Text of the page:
If You Ask Me: A Global Banker Reflects on Our Times

Wriston, Walter B.


The Perils of Legal Pollution


Do you think people today have less respect for the law? If so, why?

Because there's no longer any possibility of finding out what the law is.

I'll give you a specific example that I know something about. We have a wonderful law: it's called Truth in Lending. The title suggests that prior to its passage, there wasn't any such thing. It has forty-three sections. We now have from the Federal Reserve Board six thousand pages of regulations. There are currently in the courts of the United States ten thousand lawsuits based on those.

It happens that on a Master Charge monthly billing in the State of New York, there are seven statutes that apply, apart from Truth in Lending. One law delineates the size of the numerals in the amount, but not the size of the type in the text. Another delineates the size of the text, and says below a certain type size the contract is not enforceable in court. Another delineates what goes on the front of the bill and what's on the back.

We spend thirty million bucks a year in auditing fees, sixteen million dollars a year in legal fees, and it's a possibility that we may be in conformity with every law. But only a possibility. You don't have ten thousand lawsuits if everyone agrees on what you should do.

Ninety percent of the banks in the United States have fewer than fifty employees. They haven't read those six thousand pages. There's no way they can read those six thousand pages.

So we have a two-tier society. We have the large corporations, which try like hell to obey confusing laws, and we have a whole sector of society that pays no attention to the law for the simple reason that they cannot. If I go down on First Avenue in New York and go into the neighborhood delicatessen and I say, "Hey, don't you know that OSHA requires that aisles be 37 inches wide?" The guy says, "Osha, gosha, get lost'.."

What concerns me is that a poor man learns that he's broken the law from a nightstick across his head. And the big guy learns about it from a headline in the paper, "X Corporation Violates Law."

There's no question that laws are being violated. The only question is which ones. If we have constructed a society that can't be law-abiding even when it wants to, I think we're in deep trouble in this country.

I'll give you a couple of numbers to illustrate. In the last session of Congress, twenty thousand bills were introduced. Twenty thousand bills'. That's one for each legislative staff member, by an odd coincidence. In one day, two hundred and seventy-two subcommittees of the Congress held hearings. Think about it. At the end of the day, the President of the United States signed eight hundred forty-three laws. That's just federal. Every day the Federal Register grows by three hundred thousand words, each one of which is amending or putting out a new regulation. Who in this room could read three hundred thousand words a day? I don't know how long is, but it can't be much more than that. In my own state of New York there were twenty thousand bills introduced last year. Citibank tracked fifteen hundred of them. The last New York State Legislature passed two thousand bills--two thousand in just one state. The Governor signed eighteen hundred.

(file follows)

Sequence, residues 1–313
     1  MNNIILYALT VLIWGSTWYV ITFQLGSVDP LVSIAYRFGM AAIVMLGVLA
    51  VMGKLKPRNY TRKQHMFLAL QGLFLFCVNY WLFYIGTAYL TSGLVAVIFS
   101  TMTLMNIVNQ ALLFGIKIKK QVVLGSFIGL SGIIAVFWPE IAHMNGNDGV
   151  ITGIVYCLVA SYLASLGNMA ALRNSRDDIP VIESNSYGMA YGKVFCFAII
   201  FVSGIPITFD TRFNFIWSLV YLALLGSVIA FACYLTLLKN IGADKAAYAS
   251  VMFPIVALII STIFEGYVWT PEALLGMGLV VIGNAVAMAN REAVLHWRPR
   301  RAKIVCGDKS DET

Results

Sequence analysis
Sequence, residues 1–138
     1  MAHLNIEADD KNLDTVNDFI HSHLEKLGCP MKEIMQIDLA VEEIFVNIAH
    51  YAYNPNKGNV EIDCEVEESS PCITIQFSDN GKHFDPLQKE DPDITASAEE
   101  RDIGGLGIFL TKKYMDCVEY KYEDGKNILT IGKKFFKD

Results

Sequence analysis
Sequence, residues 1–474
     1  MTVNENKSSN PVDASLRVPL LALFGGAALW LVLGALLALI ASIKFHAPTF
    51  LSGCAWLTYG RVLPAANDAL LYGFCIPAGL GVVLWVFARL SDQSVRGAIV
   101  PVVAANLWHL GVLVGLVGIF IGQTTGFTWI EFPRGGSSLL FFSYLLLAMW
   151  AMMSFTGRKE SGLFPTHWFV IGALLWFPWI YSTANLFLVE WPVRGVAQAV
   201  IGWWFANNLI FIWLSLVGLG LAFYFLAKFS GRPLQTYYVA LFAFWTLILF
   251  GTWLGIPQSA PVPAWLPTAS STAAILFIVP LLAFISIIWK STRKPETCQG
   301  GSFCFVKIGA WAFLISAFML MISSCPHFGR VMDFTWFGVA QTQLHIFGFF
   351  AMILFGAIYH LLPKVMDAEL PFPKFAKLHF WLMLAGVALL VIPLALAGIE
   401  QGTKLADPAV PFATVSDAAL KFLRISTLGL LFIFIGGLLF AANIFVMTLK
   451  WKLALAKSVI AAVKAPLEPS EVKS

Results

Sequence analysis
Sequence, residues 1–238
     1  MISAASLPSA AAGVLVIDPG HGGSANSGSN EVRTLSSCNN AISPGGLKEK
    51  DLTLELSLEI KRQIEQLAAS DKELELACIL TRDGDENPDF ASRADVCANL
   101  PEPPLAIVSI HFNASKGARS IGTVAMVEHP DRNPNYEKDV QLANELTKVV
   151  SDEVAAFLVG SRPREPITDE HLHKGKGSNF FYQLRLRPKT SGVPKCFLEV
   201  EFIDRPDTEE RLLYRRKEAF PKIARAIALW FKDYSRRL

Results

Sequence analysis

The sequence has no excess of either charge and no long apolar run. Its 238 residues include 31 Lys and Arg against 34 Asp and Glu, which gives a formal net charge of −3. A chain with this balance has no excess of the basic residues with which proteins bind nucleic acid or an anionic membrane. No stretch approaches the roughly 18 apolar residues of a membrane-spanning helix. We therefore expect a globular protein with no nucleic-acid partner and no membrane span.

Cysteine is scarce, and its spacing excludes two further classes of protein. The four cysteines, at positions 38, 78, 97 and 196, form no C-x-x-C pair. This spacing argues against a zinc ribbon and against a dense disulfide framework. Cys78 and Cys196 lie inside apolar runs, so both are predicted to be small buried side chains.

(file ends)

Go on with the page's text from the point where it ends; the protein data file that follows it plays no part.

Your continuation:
Now, it's very simple to say, "You broke the law." There's no one yet who has ever read those eighteen hundred laws, including the guys who passed them.

So, what I'm suggesting is that we can't continue trying to legislate everything, or we'll have a total breakdown in our volunteer society, which is based on respect for the law.

  • The document was created from a compilation of interviews and question and answer segments with Walter B. Wriston which was later compiled into "If You Ask Me: A Global Banker Reflects on Our Times" in 1980. The original speech is located in MS134.001.034.00018.
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 Title Page
If You Ask Me: A Global Banker Reflects on Our Times
I: Getting Down to Fundamentals
The Big Cop-out
You Can't Go Bail for Everyone
Risk Is What It's All About
II: Some Basic Ills of the Body Politic
Lincoln Wouldn't Have Made It
Unpredictable Is a Dangerous Country
The Pitfalls of Single-issue Politics
Expect To Get Zapped
The Perils of Legal Pollution
The Injustice of Our Tax System
Those Wonderful People Who Bring You Inflation
Stop the Presses
Silly Premises Lead to Nutty Conclusions
Easier Said Than Done
III: New York, New York
New York City Is Alive And Well
The Road Back
IV: Careers
Rx for Happiness
Good Forward Planning
Dull Job?
A Simple Matter of Survival
Making It at Citibank
What Fast Track?
No Hiding Place
V: Once Around the World Quickly
South Africa
China: A Matter of Timing
The Real Significance of Iran
Iran and the Money Markets
Fashions in Country-criticizing
VI: The Global Financial Scene
The Elusive Eurodollar
De Facto Payments Mechanism
Too Big To Move
The Foreign Exchange Game
They Can't Leave the System
Baskets of Money
Swiss Francs
The Value of a Dollar
Not a Loss Since 1897
A Rational View of LDC Loans
Free Trade Benefits Consumers
The Destructive Costs of Regulation
The Big Rip-off
A Real Entitlement
Can Regulations Prevent Bum Loans?
The Insidious Side of Controls
Competition in Regulation
VIII: The Shape of Things To Come
Not As Big As You Think
What Lobby?
Armageddon Is Late, as Usual
Some Simple Facts about Interest Rates
An Expensive Luxury
How Big Is Big?
What We Did Yesterday Won't Work Tomorrow
A Matter of Semantics
Unpredictable Is a Dangerous Country
Privacy: A Serious Problem
The Unseen Revolution
Things Are Going To Be Different
Take the Handcuffs off Everybody
The Gray Areas of Lending
No Mouse under the Rug
Thank God We Don't Have National Banking
Competition Keeps You Awake
Accounting for Loan Losses
Not a Utility
People Like It
Computer Frauds
Some Final Words on Responsibility
About the Author